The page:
More Asbestos Found on Florida Highway

Road workers in Florida are still finding masses of dangerous asbestos at a highway construction site near Fort Myers. Work crews employed by Lee County to look into the site near Summerlin Road came across three pieces of the dangerous substance on the site’s east side. They also exposed asbestos-laced concrete chunks that had been hidden under the surface of the road, in trenches excavated up to eight feet deep along the side of the highway.

These most recent findings, combined with more than thirty pieces of affected concrete retrieved on the west side of the crossing of Summerlin Road and College Parkway last month, are part of the mounting evidence uncovered during a probe of the contracting firm involved in road improvements at the intersection. The ongoing investigation has held up the project that was expected to widen Summerlin Road to two more lanes. Work on the project, with an estimated cost of $25.2 million, has been at a standstill for almost two months.

Lee County’s director of transportation, Scott Gilbertson, has said that investigators with his office want to be sure that the amount of information they are able to gather on the potential contamination in the area is complete before they allow workers to restart on the project. As a result, he is not able to offer a schedule as to when work on the project can resume. He also said that his workers will “have to dig through” the site for potential additional asbestos findings before he can clear the site as a safe working environment.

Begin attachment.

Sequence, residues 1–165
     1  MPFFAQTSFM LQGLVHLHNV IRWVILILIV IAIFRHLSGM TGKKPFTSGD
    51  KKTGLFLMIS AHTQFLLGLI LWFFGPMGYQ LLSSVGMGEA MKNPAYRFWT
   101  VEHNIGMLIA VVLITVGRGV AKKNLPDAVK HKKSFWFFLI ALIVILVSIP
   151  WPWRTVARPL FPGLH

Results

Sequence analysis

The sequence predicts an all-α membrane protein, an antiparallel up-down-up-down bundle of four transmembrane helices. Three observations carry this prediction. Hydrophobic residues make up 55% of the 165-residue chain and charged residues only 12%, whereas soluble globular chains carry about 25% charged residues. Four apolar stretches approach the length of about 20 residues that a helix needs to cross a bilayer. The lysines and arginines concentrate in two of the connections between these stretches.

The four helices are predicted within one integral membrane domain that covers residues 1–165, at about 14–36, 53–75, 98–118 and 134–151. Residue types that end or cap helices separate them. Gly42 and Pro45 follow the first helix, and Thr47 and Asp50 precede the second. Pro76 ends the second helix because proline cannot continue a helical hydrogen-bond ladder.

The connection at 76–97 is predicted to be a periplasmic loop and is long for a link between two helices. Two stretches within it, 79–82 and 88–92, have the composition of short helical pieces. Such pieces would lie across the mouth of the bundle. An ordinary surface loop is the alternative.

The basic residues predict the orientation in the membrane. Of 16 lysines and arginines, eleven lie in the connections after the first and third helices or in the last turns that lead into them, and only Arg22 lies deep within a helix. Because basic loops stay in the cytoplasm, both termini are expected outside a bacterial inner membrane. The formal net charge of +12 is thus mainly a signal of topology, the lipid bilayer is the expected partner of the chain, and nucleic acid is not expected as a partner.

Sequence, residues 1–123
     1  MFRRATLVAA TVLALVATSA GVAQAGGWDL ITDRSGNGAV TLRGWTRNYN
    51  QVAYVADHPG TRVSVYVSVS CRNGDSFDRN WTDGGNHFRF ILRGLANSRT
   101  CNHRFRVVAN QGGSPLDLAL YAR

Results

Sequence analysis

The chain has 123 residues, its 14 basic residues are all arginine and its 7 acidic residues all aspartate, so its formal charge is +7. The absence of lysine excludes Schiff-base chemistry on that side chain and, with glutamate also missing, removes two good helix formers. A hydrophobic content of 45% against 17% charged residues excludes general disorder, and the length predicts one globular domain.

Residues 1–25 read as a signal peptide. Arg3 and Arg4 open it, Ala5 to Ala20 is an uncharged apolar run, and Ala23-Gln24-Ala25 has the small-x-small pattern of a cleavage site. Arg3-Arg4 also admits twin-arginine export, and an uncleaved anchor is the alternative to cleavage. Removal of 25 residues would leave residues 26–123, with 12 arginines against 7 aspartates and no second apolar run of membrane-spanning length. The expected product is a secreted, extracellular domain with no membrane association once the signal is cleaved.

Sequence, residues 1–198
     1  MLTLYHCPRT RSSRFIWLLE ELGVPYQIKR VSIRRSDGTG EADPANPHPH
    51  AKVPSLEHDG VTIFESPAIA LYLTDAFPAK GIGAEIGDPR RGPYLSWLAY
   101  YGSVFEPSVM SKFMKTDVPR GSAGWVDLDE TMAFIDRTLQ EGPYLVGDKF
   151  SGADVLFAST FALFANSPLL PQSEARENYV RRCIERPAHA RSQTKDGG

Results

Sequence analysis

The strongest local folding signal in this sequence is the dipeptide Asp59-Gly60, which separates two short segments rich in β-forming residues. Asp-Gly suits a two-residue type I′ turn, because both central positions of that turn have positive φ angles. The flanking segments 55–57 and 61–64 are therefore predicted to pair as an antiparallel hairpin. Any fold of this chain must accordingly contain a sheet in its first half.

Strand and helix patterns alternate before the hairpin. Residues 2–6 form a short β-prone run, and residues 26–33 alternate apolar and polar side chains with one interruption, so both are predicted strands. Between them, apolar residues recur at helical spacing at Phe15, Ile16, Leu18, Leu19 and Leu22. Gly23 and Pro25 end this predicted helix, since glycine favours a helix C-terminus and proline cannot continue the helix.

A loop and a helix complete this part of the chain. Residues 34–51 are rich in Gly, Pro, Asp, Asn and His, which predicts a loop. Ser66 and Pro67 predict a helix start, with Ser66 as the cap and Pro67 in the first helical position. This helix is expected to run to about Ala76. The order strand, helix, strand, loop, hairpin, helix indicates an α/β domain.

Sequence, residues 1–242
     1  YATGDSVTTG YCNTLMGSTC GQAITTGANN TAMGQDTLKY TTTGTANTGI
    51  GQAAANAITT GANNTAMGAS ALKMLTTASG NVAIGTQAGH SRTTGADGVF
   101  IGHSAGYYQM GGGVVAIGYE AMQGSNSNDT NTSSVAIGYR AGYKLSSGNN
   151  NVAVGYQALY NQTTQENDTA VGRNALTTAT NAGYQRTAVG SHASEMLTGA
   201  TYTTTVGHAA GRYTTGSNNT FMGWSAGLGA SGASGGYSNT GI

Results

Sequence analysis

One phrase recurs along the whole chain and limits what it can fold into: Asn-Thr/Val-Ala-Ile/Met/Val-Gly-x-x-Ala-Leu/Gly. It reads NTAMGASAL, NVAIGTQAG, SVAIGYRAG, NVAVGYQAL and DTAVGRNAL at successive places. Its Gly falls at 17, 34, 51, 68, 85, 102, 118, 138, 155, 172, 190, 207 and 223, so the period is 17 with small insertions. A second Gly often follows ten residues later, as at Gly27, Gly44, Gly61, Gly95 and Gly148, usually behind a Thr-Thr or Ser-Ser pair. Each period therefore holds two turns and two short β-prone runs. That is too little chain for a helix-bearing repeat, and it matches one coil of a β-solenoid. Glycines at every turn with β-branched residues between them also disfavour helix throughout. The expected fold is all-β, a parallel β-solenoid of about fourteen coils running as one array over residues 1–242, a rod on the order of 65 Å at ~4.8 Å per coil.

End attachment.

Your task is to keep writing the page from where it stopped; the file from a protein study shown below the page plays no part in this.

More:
Officials with the Florida Department of Environmental Protection, along with Lee County investigators and workers with Posen Construction, continue to work towards determining the level and extent of the asbestos contamination at the proposed site. If the amount of asbestos fiber found exceeds two hundred sixty linear feet, executives with Posen could be charged with violations of worker safety and environmental laws, punishable by jail time or fines of up to ten thousand dollars per day.

Although workers with the company are cooperating in the investigation, attorneys with the firm have not claimed any responsibility for the contamination. Officials with the company have also refused to answer questions from the press detailing their involvement in using the contaminated materials. However, Posen has hired out another contracting firm that specializes in asbestos removal and remediation to report on the site and to help with other facets of the probe.

Lee County Commissioner Brian Bigelow voiced his hope that the data compiled by the investigators would reveal the level of potential health hazard that the asbestos-laced concrete could pose to both workers and to drivers using the newly expanded road. Although asbestos is considered “safe” as long as it stays bonded to the concrete material, the fibers can become highly dangerous when allowed to become loose and airborne, according to agency staff at the Department of Environmental Protection. DEP workers carried out air and soil quality tests at the site and have yet to find any loose fibers, but the investigation will continue until all parties can resolve the contamination issue.